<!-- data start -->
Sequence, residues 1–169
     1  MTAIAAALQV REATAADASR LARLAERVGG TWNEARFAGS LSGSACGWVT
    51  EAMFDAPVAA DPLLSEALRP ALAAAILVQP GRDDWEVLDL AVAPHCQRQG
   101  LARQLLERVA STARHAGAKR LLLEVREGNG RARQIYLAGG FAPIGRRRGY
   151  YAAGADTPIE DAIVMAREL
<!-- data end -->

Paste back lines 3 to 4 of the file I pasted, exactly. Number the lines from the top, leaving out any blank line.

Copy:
    51  EAMFDAPVAA DPLLSEALRP ALAAAILVQP GRDDWEVLDL AVAPHCQRQG
   101  LARQLLERVA STARHAGAKR LLLEVREGNG RARQIYLAGG FAPIGRRRGY